So, yeah… just in case that wasn’t clear.
I got ready for bed on inauguration night with a sense of impending doom. It was also a sense of powerlessness. As I sat on the side of my bed, I had this overwhelming feeling to just hug everyone I knew and say “we’re going to get through this. And if we don’t get through this, I want you to know that I love you”. So, I eliminated nineteen words from that thought and simply tweeted out “I love you!” Or maybe it was “Hey, I love you!” The response was a lot of “Thanks!” and “I love you too!”. It was nice. It really never sucks to be told that you’re loved. The next night was the women’s march and my house was buzzing with positive energy. I felt hopeful. I felt inspired. I felt that even if this wasn’t the beginning of a long term movement, there was a temporary shout of “No!” from all four corners of the world and I was down with that! It was also the day that Sean Spicer made his debut and that Orange Julius (I can’t take credit for that one) started lying about the size of his inauguration crowd. Again, I felt compelled before bed to throw an “I love you!” out into the world, both in support of those who had made their voices heard and in defiance of the voices that would present “alternative facts”.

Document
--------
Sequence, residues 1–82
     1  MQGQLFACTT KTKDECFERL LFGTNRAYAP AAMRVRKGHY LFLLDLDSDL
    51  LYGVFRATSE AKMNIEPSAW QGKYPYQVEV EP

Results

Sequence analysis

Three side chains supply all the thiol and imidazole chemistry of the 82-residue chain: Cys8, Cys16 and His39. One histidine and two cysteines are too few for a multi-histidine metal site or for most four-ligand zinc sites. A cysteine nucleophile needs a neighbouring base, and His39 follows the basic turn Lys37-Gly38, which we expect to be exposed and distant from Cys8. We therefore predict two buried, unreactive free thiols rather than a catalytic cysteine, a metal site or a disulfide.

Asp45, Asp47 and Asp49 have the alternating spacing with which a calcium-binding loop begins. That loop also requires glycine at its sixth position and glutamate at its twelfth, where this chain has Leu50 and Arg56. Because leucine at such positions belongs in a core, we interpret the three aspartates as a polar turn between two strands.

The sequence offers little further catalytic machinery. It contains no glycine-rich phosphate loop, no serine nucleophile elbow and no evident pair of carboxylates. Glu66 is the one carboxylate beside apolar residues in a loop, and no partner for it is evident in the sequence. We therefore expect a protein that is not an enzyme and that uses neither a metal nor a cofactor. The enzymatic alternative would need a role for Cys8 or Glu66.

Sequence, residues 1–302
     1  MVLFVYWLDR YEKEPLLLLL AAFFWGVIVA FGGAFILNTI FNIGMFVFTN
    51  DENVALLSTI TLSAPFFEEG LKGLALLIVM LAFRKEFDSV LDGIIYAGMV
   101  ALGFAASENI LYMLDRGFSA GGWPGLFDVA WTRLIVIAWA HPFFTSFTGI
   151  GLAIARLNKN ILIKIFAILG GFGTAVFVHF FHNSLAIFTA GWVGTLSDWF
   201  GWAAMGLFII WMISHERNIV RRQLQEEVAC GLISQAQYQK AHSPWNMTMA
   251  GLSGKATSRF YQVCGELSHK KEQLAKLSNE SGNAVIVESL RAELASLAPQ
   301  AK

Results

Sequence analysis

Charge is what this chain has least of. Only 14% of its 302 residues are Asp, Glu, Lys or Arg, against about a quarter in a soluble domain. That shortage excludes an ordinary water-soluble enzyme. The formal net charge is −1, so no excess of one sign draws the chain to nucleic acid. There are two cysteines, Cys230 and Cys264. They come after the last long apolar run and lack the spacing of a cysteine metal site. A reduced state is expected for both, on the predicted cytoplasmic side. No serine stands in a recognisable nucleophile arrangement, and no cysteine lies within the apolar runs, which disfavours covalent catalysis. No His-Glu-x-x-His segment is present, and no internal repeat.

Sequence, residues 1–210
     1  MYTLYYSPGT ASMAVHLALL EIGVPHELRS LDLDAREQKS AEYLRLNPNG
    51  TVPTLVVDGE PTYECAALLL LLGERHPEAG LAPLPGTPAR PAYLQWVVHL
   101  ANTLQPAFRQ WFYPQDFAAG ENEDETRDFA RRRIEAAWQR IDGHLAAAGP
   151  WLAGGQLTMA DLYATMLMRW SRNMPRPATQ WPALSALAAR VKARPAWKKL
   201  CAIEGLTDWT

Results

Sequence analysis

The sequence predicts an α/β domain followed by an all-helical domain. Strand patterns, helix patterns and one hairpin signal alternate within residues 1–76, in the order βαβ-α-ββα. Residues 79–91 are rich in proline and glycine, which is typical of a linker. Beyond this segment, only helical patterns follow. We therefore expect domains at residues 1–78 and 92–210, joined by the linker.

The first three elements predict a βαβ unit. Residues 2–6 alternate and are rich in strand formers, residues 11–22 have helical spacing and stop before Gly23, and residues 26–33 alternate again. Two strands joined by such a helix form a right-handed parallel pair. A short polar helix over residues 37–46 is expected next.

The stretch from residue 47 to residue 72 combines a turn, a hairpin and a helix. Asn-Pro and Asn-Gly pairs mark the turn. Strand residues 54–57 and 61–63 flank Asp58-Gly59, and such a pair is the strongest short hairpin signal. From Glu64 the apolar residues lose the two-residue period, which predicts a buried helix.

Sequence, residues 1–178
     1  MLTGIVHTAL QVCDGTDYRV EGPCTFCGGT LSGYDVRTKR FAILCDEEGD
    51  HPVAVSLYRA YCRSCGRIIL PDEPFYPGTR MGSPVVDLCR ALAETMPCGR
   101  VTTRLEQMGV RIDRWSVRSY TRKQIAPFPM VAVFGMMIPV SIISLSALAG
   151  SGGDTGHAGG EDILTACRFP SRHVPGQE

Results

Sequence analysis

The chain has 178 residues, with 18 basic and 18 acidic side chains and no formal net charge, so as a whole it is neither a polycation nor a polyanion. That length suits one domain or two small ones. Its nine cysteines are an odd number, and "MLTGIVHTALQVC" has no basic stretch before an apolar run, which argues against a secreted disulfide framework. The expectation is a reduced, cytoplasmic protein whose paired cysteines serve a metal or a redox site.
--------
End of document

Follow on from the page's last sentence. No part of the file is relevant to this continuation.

The next days were filled with terrifying news, executive orders, ridiculous cabinet confirmations, and more alternati… lies. The ground of our democracy is shifting. People are scared. People are stressed. I am scared and stressed. Yet each night, after I’ve said goodnight to the kids, decompressed, and maybe had a drink or two, I realize that we got through another day and that we have to continue to encourage each other through this fight. So, I condense what I hope are some uplifting thoughts into 140 characters or less and I tell my community that I love them. It seems to help.